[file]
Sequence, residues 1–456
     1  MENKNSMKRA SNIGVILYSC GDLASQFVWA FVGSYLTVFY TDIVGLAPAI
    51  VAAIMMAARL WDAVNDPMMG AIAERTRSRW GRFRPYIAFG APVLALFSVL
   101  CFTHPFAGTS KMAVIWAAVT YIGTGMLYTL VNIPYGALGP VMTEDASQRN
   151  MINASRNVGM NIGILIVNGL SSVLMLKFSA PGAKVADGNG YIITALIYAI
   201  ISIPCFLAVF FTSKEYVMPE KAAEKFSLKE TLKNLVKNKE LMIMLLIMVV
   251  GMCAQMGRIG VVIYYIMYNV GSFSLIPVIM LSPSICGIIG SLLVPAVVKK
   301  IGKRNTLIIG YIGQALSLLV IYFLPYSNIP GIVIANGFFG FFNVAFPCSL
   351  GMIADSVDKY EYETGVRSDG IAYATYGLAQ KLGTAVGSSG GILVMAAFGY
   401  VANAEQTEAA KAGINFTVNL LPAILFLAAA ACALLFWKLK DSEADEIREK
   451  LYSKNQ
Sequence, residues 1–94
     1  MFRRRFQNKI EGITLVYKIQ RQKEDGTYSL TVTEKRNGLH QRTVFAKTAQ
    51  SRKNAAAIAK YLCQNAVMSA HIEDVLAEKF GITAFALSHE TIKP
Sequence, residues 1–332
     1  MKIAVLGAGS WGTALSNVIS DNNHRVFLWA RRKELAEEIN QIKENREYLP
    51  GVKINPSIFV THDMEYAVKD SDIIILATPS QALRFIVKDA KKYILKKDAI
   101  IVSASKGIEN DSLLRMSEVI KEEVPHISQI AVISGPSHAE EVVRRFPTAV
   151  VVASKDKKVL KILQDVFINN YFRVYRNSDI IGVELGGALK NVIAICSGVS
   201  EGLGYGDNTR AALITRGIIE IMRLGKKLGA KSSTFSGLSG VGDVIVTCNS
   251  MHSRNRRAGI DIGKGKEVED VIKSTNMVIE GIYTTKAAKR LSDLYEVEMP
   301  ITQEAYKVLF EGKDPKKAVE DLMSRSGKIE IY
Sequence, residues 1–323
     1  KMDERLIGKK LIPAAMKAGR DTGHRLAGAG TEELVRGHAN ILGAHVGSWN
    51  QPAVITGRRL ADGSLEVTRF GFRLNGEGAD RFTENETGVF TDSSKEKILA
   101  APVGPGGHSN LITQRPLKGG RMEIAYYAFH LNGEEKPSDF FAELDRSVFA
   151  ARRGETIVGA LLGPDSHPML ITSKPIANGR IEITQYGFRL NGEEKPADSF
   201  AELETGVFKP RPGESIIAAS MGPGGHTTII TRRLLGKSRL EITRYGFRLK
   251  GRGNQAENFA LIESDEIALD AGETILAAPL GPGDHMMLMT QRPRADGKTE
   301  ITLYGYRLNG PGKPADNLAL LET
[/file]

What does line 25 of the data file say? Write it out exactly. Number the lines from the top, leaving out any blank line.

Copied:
    51  QPAVITGRRL ADGSLEVTRF GFRLNGEGAD RFTENETGVF TDSSKEKILA